How can educators best prepare students for the world in which we live — one where our tools, our knowledge, and our societies are transforming before our eyes? This question is at the heart of Future of Learning, an on-campus professional education program to be led by Project Zero at the Harvard Graduate School of Education July 27–31, 2015.
“There is a sense of urgency and relevance in rethinking learning for our times,” says Veronica Boix Mansilla, Ed.M.’92, Ed.D.’01, principal investigator for Project Zero. “We must ask what matters most to learn in a world of increasing cultural complexity, ubiquitous digital innovation, and fast-growing knowledge about the mind and brain.” Boix Mansilla serves as faculty chair for Future of Learning, which also features sessions led by Professors Howard Gardner and David Perkins.
Bringing together leading thinkers and practitioners from around the world, the program examines how these three high-implication factors — globalization, the digital revolution, and our evolving understanding of the mind and brain — inform what, where, and how students should learn in order to thrive in the 21st century.
In addition to incorporating the latest research on these themes, each year the program embraces innovation in form as well as its content. “Future of Learning has a deliberate experimental quality,” says Boix Mansilla. “Thinking about learning in the future requires that we’re permanently revising what we do, improving, drawing on research, and tinkering with our practice.”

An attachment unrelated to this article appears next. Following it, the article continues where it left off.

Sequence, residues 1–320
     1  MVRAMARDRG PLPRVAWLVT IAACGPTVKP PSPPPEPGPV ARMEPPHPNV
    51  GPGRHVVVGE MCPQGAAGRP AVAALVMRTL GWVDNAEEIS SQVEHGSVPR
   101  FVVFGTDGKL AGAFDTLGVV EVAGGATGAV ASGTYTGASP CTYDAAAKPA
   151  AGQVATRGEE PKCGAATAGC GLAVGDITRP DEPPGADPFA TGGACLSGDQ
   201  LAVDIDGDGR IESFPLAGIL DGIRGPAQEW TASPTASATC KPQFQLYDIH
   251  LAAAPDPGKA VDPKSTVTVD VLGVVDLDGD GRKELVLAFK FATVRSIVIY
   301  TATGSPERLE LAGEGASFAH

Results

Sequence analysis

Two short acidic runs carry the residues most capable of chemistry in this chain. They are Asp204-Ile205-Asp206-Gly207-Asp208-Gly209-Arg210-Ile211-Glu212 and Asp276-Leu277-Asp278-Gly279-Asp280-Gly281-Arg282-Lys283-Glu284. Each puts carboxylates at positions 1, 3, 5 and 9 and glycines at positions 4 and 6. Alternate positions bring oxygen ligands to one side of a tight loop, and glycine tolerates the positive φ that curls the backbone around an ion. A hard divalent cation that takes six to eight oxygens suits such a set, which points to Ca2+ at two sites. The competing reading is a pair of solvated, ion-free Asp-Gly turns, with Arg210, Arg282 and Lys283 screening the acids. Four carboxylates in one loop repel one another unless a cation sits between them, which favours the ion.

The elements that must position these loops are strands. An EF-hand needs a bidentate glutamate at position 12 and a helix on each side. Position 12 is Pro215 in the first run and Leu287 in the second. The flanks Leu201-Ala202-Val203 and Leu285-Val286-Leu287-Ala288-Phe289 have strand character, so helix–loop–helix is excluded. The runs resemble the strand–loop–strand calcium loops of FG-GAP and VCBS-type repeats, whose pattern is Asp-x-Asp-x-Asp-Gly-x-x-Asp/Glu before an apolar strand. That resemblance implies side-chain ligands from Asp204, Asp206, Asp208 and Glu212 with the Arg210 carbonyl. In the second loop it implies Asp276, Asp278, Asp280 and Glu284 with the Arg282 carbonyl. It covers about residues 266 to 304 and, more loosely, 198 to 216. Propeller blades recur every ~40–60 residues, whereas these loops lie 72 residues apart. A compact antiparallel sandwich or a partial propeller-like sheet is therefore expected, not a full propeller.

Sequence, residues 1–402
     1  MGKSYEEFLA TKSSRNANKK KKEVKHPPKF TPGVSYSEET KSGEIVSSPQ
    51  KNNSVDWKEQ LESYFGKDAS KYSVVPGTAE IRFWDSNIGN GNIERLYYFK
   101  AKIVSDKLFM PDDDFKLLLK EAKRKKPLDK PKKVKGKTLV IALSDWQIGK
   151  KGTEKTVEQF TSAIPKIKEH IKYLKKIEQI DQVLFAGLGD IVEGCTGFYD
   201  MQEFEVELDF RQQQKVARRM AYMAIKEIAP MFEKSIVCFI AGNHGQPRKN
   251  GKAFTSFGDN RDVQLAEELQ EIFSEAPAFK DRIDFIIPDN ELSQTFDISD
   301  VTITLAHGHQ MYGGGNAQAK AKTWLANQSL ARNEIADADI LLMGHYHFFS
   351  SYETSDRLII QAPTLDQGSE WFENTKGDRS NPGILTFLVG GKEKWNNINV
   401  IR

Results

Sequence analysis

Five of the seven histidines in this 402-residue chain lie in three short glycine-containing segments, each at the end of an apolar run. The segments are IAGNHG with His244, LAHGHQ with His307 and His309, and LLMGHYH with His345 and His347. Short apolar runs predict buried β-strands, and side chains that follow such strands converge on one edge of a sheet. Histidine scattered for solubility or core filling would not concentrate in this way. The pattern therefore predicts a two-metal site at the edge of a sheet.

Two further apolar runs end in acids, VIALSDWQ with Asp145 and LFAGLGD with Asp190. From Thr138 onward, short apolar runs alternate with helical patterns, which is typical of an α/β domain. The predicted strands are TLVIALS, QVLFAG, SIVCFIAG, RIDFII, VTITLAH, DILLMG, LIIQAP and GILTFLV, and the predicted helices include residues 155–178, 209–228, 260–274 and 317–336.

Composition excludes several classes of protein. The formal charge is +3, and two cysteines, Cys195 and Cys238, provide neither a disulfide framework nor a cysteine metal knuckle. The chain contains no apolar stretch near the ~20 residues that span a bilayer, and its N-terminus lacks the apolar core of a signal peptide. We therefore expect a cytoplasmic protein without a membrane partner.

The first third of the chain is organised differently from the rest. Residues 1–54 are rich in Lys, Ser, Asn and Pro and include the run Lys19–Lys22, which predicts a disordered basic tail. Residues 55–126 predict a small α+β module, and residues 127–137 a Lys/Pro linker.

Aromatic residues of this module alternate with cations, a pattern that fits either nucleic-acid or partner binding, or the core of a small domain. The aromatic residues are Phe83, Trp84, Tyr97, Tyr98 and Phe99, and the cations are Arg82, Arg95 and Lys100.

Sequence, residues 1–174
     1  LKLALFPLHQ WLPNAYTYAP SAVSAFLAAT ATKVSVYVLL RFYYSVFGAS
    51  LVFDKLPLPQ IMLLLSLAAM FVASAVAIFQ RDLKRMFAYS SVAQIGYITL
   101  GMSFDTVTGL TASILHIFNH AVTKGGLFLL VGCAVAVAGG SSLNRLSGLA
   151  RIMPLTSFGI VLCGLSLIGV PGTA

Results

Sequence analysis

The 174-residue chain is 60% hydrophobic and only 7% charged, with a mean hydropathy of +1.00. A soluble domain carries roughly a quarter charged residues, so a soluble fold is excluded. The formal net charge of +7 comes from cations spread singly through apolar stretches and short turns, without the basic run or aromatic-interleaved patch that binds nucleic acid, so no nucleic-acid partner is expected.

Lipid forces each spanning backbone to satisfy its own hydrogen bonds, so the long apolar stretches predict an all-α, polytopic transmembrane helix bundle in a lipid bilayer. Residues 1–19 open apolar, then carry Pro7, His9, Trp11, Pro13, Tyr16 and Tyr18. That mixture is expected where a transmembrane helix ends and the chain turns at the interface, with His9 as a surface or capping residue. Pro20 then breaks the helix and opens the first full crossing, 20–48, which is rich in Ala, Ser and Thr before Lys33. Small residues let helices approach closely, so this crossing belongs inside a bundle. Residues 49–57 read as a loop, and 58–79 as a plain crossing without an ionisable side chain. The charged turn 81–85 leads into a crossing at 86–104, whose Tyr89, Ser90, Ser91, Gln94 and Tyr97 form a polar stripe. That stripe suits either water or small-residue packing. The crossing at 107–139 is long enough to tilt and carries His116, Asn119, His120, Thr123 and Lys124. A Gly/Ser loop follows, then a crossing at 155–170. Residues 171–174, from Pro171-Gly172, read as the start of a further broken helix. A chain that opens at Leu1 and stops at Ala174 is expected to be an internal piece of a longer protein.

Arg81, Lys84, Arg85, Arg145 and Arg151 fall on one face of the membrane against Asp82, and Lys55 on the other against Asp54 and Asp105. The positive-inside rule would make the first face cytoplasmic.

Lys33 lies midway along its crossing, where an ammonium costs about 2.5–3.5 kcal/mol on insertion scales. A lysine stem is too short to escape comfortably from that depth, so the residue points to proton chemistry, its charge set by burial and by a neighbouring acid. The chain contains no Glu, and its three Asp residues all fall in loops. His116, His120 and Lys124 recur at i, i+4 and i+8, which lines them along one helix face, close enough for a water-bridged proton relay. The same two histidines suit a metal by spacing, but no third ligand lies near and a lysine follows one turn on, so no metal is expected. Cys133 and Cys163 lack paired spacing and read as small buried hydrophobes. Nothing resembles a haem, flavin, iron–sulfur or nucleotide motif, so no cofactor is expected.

In 2012, with help from a grant from the Harvard Initiative for Learning and Teaching, Future of Learning piloted a human-centered design “charrette,” borrowing a practice from the world of architecture in which groups of people collaborate on a solution to a design problem. In 2014, the charrette took on real-life problems, as participants brainstormed solutions to challenges shared by educators from the Portland Public Schools in Portland, Maine.
The charrette is just one of the immersive experiences offered throughout the week-long program. No matter the format, Boix Mansilla says participants leave Future of Learning with a renewed sense of the importance and purpose of their profession and with an ability to step back from their daily work to ask the more fundamental questions that lead to more effective innovations.
“I hope participants leave with a rich sense of how learning and our ideas about learning are changing and with the disposition to ask what is relevant to teach and learn today,” she says. “They’ll have a keener awareness of the world in which we live and for which we’re educating our children.”